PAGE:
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April 2011 Archives

In a previous post I asked educational technology consultants to share their thoughts on preparing faculty, staff and students for using mobiles in teaching, research and work at the University of Minnesota. Kim Wilcox wrote about mobile equity and other matters. Here is an exchange between Keith Brown and Paul Baepler, both educational technology consultants in OIT's Collaborative for Academic Technology Innovation:

Keith: So to 'fess up right up front, I don't own a cell phone, smart phone, iPod or any other mobile device. I use a laptop (owned by the U) but seldom use it out of the office except at meetings.


On the practical side, I really see small format mobile devices as great for consuming information, but perhaps not as practical for producing things. Finding if my flight is on time on the mobile device is much different from writing the app to do that using a mobile device. Or, think of emails written from a phone versus emails written from a computer with a keyboard. In my experience, one or two line responses on a mobile device would be pretty long. I definitely wouldn't write an email in response to your question on mobiles with this much detail on a mobile device. If we're looking for interactivity and active learning, devices that don't make it easy to create, as opposed to consume, may limit their usefulness in education. I believe there is a niche for them, but we'll have to be creative.

Paul: I guess I'm in agreement with a lot of what Keith has said. Currently, it seems like mobile really works best for consuming content and potentially for interacting in specific ways--delivering feedback like a clicker, creating a backchannel such as Twitter, taking cursory notes on an iPad.

But I also think there will be major advances in particular disciplines depending upon how a course is taught. For instance, I think we'll develop really strong apps for using mobile in identifying features of natural objects--planets, plants, rocks, etc.--in their natural setting. An app that can give even a cursory translation of a foreign language text could really advance reading skills, particularly for lazy language learners like me who hate looking up every other word in the French or Spanish dictionary. While finding information on natural objects or looking up words in a dictionary involve consumption of information, we might also put those actions in the context of solving natural problems in an authentic, real-world environment.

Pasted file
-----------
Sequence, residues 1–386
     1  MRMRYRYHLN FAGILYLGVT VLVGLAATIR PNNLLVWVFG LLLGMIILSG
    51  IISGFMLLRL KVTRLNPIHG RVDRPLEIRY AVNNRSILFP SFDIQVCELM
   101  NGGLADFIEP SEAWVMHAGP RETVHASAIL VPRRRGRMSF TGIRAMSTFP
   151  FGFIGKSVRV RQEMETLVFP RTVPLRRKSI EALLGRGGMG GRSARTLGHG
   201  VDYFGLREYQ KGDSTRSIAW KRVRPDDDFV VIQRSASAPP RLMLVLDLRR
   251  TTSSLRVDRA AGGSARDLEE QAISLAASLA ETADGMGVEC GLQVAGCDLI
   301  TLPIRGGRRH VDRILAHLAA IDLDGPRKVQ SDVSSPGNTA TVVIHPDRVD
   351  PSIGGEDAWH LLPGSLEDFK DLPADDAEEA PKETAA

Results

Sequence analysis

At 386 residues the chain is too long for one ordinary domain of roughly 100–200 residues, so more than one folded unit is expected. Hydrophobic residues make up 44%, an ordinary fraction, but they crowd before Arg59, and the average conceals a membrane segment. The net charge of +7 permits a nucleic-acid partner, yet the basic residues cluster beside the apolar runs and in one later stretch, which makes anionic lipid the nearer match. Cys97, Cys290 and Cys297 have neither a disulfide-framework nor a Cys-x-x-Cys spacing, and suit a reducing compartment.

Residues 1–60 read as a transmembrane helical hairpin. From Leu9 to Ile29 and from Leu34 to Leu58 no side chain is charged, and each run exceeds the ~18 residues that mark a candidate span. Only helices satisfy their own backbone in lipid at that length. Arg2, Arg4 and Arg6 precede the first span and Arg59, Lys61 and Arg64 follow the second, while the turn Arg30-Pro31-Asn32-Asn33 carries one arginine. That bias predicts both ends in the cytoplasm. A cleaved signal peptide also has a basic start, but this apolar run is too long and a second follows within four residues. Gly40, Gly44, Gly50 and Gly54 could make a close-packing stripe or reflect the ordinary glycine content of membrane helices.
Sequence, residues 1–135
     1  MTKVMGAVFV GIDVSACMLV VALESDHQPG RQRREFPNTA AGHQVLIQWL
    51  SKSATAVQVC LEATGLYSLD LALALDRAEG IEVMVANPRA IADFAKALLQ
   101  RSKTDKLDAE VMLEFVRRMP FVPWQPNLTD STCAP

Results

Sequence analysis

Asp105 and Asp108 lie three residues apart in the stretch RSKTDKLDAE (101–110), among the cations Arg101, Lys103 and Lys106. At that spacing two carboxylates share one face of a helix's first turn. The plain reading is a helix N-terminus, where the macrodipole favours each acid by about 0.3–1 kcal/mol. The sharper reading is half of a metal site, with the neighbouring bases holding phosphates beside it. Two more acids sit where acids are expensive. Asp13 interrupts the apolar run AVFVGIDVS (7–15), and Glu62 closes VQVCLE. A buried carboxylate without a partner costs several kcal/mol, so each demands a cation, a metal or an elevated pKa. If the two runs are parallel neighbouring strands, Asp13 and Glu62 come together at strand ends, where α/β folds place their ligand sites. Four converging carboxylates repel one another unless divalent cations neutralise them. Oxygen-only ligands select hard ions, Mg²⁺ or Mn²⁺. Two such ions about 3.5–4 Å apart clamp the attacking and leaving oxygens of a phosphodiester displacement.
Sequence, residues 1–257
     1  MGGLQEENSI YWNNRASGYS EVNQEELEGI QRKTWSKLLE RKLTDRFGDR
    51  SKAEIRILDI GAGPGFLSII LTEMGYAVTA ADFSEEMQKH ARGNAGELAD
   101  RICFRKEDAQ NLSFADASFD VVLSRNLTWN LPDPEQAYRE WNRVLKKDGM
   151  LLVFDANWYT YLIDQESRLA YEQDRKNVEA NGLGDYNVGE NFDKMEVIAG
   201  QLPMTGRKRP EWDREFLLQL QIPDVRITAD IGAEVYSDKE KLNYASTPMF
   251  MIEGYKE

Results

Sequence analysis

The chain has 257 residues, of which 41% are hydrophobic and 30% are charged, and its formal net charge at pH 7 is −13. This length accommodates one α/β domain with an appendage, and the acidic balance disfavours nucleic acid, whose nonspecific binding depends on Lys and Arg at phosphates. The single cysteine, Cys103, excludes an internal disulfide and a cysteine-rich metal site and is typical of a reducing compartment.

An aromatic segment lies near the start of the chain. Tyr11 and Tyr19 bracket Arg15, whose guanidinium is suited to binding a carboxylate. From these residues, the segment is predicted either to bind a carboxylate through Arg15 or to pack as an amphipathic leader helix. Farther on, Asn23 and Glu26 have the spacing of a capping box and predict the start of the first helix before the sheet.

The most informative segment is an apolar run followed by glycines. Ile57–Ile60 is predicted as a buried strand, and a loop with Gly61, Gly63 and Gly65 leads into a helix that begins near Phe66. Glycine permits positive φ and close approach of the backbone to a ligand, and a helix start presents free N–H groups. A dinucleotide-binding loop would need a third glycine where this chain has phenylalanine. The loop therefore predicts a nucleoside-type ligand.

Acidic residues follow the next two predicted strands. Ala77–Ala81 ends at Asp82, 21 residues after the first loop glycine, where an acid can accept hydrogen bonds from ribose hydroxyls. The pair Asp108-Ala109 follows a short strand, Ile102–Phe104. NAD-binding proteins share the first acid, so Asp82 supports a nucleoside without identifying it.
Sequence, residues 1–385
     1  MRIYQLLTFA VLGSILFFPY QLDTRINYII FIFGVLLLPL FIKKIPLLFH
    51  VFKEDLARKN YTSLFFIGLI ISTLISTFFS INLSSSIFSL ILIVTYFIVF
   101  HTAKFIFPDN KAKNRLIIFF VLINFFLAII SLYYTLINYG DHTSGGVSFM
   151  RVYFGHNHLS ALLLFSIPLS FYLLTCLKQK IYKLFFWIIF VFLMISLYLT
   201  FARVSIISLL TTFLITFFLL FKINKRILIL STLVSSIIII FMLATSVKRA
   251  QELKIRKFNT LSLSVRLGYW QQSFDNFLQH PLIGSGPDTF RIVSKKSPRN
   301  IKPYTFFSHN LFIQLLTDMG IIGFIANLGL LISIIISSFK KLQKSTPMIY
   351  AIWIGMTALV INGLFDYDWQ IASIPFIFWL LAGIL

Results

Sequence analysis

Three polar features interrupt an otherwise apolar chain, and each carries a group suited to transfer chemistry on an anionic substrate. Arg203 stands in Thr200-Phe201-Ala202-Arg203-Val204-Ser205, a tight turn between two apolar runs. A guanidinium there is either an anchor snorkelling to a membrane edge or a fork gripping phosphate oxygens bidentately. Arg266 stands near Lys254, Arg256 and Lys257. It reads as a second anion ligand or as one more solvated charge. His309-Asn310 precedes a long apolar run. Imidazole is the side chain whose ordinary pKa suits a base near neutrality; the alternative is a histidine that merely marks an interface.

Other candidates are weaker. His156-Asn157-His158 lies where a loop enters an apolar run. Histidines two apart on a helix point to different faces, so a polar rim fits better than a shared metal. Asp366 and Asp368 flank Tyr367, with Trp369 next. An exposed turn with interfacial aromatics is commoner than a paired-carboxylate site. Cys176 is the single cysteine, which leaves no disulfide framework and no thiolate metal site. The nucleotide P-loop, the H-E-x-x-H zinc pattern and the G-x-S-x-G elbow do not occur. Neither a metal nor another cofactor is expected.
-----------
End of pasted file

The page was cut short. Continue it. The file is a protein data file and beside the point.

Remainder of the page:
In the end, I think we'll probably discard the idea of "mobile learning" and return to concepts like problem based learning that happen to use mobile devices. That is, I think we'll take "mobile" and connectivity for granted very soon, at least on campuses with expanding wireless access. But that will probably be after the singularity when all of us have given up any hope of winning a round on Jeopardy against our mobile overlords.

In my previous post I asked educational technology consultants from OIT's Collaborative for Academic Technology Innovation for their thoughts on how we might prepare faculty, staff and students to use mobiles in teaching, research and work at the University of Minnesota. Kim Wilcox, Senior Educational Technology Consultant, writes:

Parry's piece makes clear the conceptual hurdles that may exist for any number of us--especially those of us rapidly approaching geezerhood--attempting to reach "mobile literacy." Preparing to teach and learn in a mobile world will mean learning to think in very different ways, to imagine differently how we might use the capacity of mobility to achieve specific learning outcomes.


I am still concerned on some practical levels. How will the University ensure some form of mobile equity? Will all students have access to web-enabled mobile devices? There are still inequalities among devices themselves. For example, not all mobile devices have Java and Flash capabilities, or high-resolution cameras. There will be design challenges for creating assignments.

Nonetheless, there will be no turning back. In the past, early adopters did cool stuff but few others knew about it. Today, the channels of communication are much better and sharing is much more a part of the culture. So for me, the challenge is getting up to speed enough to consider how we might approach faculty development in this area, as well as considering how to help faculty prepare their students to use mobile devices in ways that may be new to them.

The topic for tomorrow's 20 by 20: An OIT Pecha Kucha Event is mobiles. As it turns out, this is a timely topic. Designated as a technology to watch in the 2011 Horizon Report, mobile technology is the focus in the latest Educause Review. In his contribution to that issue, Mobile Literacy, David Parry identifies three "literacies" we ought to teach students (and perhaps everyone else): 1) understanding information access, i.e., not only how to find relevant information, but also how to use and evaluate it. 2) understanding hyperconnectivity, i.e., how to use mobile devices to "engage in hypermediated experience" without being distracted from "directing full attention the event." 3) understanding a new sense of space, i.e., "the massive amounts of data that we are going to be layering on top the physical world and that will substantially alter how we can interact with space." This short article lays out substantial challenges with exciting possibilities.

Mobiles have been a topic of conversation within OIT's faculty development team. We talk about the potential of mobiles in higher education, and of course how we might help faculty, staff and students prepare to use mobiles in teaching, research and work at the University of Minnesota. I asked educational technology consultants to share their thoughts, which will appear in subsequent posts.